Manav is an avid reader and loves listening to music. Being an A.R.Rahman fanatic he has complete collection of A.R.Rahman songs. Nonetheless, obviously, he has not paid a single dime to get even a single record of that collection. He always found a friend, who had a friend, who had the song/album that Manav craved for and these noble friends, and friends of friends, never disappointed him. Why should they? After all, they also would have got the song for free! He always had a subliminal understanding that piracy is crime (now he has graduated from mischief to crime, one rung up the ladder I presume), but he didn’t give much thought into it, as it’s been a way of life. Coming from bread and butter class he had only two options; either to ignore his favourite musician’s composition or to find ways to get it free of cost. As the cliché runs ‘By hook or by crook’ or ‘Beg, borrow or steal’, as simple as that and ‘you won’t find people chasing you calling you a day-robber for you have ‘stolen’ a piece of music’, so he thought and so he did. A Way of life it was, again! This same policy of his, he extended to the books he read, which were never original but, a counterfeit as good as the original. And up he went the ladder. Slow, steady and steadfast.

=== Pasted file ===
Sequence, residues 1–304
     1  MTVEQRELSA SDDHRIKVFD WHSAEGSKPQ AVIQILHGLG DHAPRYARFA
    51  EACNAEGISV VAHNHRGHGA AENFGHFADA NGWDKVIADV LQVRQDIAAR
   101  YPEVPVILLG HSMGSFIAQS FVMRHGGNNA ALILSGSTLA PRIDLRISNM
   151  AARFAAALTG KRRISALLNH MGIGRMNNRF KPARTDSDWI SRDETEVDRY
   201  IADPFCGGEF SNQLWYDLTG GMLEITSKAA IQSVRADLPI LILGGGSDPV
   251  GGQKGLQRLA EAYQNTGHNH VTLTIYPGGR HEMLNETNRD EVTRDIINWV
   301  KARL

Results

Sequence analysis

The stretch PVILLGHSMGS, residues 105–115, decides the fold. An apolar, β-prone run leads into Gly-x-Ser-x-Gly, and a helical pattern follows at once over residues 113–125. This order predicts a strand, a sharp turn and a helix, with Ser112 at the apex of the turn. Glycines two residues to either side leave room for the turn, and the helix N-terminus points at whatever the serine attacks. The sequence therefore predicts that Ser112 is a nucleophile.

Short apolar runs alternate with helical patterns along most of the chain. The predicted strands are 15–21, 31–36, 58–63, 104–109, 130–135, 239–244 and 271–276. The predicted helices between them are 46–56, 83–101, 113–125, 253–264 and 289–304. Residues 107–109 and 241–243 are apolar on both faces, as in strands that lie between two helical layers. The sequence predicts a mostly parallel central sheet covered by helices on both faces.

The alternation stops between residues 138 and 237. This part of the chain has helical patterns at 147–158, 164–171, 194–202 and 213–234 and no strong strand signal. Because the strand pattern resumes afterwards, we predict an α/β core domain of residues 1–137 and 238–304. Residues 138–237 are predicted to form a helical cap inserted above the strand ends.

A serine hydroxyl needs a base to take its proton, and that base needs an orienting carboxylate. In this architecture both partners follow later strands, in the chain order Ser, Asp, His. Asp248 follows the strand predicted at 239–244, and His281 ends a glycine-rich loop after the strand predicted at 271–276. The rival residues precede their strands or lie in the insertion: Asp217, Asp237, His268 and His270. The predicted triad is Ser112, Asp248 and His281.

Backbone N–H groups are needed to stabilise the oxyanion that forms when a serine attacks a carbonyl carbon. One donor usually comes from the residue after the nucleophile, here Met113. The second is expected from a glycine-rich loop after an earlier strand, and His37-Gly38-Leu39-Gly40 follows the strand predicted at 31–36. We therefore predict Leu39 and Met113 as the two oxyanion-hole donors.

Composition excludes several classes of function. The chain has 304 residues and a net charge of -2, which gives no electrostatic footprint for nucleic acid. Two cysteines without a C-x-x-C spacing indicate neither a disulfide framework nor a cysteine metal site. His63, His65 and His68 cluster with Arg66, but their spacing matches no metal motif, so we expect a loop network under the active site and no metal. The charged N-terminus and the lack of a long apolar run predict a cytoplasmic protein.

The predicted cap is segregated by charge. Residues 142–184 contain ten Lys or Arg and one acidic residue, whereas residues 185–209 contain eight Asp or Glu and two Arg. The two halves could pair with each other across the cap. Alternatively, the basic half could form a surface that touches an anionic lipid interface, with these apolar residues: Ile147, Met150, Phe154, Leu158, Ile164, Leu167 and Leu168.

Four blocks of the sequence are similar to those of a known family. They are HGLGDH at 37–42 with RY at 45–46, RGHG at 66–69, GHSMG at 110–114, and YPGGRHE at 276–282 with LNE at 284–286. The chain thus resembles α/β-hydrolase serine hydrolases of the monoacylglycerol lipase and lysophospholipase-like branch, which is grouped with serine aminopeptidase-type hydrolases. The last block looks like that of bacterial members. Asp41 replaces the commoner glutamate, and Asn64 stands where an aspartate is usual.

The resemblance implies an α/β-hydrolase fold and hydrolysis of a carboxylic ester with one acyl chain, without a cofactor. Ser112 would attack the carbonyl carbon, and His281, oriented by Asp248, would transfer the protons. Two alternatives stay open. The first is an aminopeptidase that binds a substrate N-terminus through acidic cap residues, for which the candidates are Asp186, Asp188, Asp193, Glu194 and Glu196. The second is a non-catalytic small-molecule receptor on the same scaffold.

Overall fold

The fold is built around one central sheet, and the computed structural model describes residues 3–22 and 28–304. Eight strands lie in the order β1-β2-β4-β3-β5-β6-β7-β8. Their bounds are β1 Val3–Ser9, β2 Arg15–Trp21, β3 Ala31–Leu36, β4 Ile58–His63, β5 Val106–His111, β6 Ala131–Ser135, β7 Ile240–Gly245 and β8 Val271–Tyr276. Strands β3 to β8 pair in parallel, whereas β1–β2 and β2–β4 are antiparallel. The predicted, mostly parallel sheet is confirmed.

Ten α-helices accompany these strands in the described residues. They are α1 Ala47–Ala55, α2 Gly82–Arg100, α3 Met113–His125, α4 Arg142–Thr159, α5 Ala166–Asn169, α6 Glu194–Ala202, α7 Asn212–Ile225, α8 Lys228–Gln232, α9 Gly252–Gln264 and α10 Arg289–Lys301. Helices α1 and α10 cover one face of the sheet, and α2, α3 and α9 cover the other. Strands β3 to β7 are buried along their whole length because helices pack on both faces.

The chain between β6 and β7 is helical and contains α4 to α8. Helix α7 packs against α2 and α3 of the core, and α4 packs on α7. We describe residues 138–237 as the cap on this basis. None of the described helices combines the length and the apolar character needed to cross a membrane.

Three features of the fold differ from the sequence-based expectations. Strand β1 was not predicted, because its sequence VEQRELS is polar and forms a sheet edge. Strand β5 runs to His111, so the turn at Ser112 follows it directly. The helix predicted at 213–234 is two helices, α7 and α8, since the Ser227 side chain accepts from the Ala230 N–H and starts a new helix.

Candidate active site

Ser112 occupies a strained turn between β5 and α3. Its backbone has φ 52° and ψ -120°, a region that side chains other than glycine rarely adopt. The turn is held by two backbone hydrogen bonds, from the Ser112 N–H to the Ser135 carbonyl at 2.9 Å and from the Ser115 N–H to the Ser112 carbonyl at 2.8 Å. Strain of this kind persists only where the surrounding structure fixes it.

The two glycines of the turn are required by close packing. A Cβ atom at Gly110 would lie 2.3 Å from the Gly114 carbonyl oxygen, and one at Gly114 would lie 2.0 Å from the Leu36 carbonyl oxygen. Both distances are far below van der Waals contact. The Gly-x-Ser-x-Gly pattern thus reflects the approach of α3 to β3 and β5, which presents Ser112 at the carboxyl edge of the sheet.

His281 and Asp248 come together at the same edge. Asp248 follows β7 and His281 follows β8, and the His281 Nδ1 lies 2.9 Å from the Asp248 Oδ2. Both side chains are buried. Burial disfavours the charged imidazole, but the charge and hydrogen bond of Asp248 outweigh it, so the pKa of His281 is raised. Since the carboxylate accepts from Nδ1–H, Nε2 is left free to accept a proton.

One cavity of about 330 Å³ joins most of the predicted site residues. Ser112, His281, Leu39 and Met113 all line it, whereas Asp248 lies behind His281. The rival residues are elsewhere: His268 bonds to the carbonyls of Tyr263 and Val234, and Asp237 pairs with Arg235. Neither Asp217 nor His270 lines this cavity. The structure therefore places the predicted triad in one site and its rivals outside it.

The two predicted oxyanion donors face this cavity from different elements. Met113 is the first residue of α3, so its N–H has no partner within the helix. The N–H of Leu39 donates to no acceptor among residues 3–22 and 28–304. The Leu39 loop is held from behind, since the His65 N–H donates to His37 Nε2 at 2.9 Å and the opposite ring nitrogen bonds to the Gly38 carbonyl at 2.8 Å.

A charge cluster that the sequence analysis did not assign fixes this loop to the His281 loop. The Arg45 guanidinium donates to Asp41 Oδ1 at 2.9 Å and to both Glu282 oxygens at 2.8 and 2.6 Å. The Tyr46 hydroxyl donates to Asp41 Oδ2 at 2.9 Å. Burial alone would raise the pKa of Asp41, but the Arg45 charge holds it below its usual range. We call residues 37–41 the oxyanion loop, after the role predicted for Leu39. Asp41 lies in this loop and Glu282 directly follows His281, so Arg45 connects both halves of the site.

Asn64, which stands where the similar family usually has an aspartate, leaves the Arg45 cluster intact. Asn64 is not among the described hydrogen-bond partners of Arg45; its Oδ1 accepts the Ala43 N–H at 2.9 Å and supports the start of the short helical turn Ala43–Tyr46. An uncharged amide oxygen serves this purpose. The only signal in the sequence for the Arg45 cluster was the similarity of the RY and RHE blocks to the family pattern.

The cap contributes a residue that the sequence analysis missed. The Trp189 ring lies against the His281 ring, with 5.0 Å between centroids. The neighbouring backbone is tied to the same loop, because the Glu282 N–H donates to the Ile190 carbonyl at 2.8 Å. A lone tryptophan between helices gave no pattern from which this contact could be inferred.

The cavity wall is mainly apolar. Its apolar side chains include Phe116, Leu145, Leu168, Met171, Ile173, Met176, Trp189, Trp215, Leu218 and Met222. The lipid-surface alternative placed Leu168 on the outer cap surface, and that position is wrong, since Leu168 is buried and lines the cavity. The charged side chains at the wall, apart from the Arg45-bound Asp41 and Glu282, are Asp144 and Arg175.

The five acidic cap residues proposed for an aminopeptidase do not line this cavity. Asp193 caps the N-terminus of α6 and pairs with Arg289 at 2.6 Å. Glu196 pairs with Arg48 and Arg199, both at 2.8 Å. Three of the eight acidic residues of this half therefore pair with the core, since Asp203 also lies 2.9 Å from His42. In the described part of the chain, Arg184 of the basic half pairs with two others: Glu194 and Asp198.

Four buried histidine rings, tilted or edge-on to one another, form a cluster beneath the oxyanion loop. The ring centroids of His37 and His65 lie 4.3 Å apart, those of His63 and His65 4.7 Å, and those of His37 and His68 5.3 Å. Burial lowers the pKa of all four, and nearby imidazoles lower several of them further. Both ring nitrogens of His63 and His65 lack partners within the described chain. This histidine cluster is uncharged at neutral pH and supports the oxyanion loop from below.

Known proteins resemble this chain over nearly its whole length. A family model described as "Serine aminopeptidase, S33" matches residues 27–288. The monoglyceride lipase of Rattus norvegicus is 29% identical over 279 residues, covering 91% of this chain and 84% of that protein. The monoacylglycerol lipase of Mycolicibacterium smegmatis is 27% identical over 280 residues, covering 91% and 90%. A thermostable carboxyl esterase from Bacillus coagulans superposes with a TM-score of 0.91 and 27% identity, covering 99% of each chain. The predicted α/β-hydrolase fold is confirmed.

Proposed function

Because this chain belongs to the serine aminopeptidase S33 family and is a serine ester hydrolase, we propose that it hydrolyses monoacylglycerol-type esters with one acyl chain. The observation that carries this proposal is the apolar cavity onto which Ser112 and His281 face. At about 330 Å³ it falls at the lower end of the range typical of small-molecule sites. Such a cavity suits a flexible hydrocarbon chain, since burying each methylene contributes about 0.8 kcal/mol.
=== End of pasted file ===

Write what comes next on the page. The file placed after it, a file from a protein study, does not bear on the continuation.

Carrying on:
He has had a decent climb till now. Completed his graduation some years back, though not in flying colours, but tinges of some lighter shades of colours did cling onto his achievement as he did make it to a cosy IT Job (snigger, if you feel like). With a handsome salary at his disposal it never occurred to him that he should correct his ‘corruptedness’ by starting to pay for the music that he listens to or the books he read. He just looked away from these apparent violations of ethics (and law) and went up finding more laws to break. Now he has more rules on the anvil to violate. He has enough money in his wallet to throw at traffic police for his petty rule-breakers, he has an onsite at the offing and passport becomes the need of the hour. No problem! With the advent of IT and the emergence of friendlier police, passport is just some days away if you could help yourself with a few hundred rupees in extra to keep the policemen happy. And the most blatant of all the violations – he submit counterfeit rental receipts to claim tax evasion. Though the discount he gets in the form of this tax evasion is of the magnitude of a few hundred rupees the pretext trite goes this way “Hard earned money” but, the same hard earned ‘a few hundred rupees’ could be thrown as a couple of hours entry fee at a city pub. Good going dude!